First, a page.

Thursday, April 29, 2010

Back Home

Last week was trying. Mostly in good ways, but I've decided it's probably not healthy - mentally or physically - to be that busy. Which is ironic, considering that's how I spent my high school and college years.

I'm not sure how, but I made it through last week. It was a bit of an emotional roller coaster, to say the least.

DS is teething something major. I think his molars are coming in, though he won't let me look and bites me if I try to get a feel. That led to a rather sleepless night last Sunday (before my trip), which led to both of us passing out around 7pm on Monday night. So I got nothing done that evening. Tuesday and Wednesday night were meetings, and I got home at 10:30 and 11:00 pm, respectively. Thursday night was departure night! My flight didn't leave until Friday morning, but I wasn't driving and the ladies who were lived 20 mins away, and closer to the airport. It would be a bit much to expect to be picked up at 4:30 am just so I cold hold DS for a few hours more. Didn't stop the tears, though.

Let me say that I am not a crier. No offense to those who are, but I tend to keep my emotions in check and hate the thought of being seen as "weak." A pride issue more than anything, but I'm working on it. Regardless, I was bawling like a baby when I left home Thursday night. I barely slept that evening and spent a marathon day traveling on Friday.

California itself was a blast. Everyone was really cool, and I had a lot of fun. And a lot of drinks. Really took me back to my college days (not that I was a boozehound, but I knew how to party). And, as sad as it is, being drunk each night certainly helped me sleep, instead of laying awake worried about DS.

We got back Sunday evening. He was in tears on seeing me, and spent about 2 hours firmly attached to my breasts. He had refused any bottles or sippy cups of milk while I was gone, so he was making up for it with a vengeance. And that made me very happy, though I can't tell you how sore I was the first part of this week. It was almost (almost) as bad as nursing a newborn again. But the emotional joy makes up in spades for the physical pain. I know which one is temporary, and which one will be with me forever.

Wednesday, April 21, 2010

First time for everything

This has been a stressful week. The new job is going well, but I have two meetings (one yesterday and one tomorrow) at which I must represent my new company, take notes, and write something intelligent for distribution. That would be much, much easier if I had any clue what was going on. A lot of the information is highly technical, and my English degree didn't include a concentration in trade policy. My new boss understands, though, and just wants to expose me a bit more to the industry. I wonder if they'll be serving wine at the lunch meeting tomorrow? I could certainly use some fortification.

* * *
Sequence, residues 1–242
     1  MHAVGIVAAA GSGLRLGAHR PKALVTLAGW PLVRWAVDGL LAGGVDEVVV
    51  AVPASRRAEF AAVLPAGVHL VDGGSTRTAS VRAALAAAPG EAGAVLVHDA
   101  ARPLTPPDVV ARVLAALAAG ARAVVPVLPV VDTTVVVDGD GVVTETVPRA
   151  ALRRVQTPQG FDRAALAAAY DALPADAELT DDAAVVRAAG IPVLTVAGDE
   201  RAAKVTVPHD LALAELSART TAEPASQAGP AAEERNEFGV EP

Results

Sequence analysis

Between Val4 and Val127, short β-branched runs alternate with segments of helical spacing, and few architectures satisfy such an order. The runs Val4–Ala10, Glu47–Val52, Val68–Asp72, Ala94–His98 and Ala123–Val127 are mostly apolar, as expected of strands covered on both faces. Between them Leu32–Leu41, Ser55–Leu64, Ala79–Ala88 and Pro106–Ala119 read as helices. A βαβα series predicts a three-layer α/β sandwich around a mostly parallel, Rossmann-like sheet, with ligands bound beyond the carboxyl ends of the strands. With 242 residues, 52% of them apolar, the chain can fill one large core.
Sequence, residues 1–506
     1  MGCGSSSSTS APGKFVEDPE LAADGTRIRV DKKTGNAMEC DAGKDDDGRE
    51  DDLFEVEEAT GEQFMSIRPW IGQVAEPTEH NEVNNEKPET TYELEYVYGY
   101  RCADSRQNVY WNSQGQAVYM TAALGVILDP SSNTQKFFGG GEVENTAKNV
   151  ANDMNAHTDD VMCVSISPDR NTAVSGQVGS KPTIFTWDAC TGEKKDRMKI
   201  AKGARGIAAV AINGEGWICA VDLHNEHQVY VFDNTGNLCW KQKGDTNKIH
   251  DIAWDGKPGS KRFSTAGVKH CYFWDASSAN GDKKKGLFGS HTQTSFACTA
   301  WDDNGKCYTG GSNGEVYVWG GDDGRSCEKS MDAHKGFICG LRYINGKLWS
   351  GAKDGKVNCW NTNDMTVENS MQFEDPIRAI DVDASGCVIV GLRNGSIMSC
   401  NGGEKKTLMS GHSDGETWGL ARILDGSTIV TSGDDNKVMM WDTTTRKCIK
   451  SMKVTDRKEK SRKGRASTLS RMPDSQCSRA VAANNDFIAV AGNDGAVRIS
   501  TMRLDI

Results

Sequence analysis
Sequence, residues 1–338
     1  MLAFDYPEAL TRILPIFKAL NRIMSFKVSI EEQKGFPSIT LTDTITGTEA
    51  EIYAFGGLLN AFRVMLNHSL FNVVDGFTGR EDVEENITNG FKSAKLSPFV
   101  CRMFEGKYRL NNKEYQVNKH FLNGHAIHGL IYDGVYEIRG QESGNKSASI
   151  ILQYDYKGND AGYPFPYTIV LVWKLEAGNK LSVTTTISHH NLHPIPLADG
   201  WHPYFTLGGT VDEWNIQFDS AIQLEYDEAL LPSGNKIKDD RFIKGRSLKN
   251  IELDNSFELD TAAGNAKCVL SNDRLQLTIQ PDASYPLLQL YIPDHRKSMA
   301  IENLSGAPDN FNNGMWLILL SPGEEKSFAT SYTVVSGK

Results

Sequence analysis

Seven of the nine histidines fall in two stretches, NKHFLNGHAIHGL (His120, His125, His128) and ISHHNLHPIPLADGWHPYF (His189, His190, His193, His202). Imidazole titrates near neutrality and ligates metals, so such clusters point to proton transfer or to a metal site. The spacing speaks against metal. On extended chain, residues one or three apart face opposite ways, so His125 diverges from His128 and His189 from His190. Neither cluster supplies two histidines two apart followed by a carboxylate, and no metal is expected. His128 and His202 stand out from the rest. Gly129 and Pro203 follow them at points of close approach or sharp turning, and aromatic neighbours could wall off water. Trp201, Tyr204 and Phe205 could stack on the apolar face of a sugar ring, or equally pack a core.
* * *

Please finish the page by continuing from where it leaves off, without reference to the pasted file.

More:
In addition to work stress, one of my part-time web business clients has given me a slew of information to post and set up this week. And that would normally be ok, except the 3rd week of the month is my "meetings week." LLL and ICAN meetings Tuesday and Wednesday night. Even with the stress I'm not willing to miss those - they keep me grounded.

And to top it off, this week I'll be going on my first overnight trip sans-baby. And it's not a small trip, either. I'm flying to California and will be gone for 3 nights and 3 days. I'd be lying if I said I wasn't freaking out something major.

A is still night nursing and co-sleeping. He stopped taking bottles two or three months ago, and doesn't really care for expressed milk in a sippy cup, either. I've been a bundle of stress worrying about how he is going to do at night, if he's going to drink any milk at all, if I should resume pumping this week, if there's enough milk in the freezer should he decide he likes it again... so many ifs!

Thankfully, the wonderful ladies at LLL last night talked me down. DH has been saying these things all week (well, really all month), but it was good to hear it from others. It was unfortunate that no one there had been in a similar circumstance, but they convinced me of what I already knew - trust your baby.

So I'm working on that. And on not stressing. And on being organized enough to get everything done that needs to get done. And clearly, blogging is not on that list.

Saturday, April 10, 2010

When the breasts hit the fan

I haven't blogged in a while (sorry!), but this week the blogosphere has been exploding and I can't NOT write. A study came out this week that concludes that breastfeeding saves lives and money. Obviously, it met with a LOT of contention as it touched on that most sacred of all mommy-wars topics, breast vs. formula.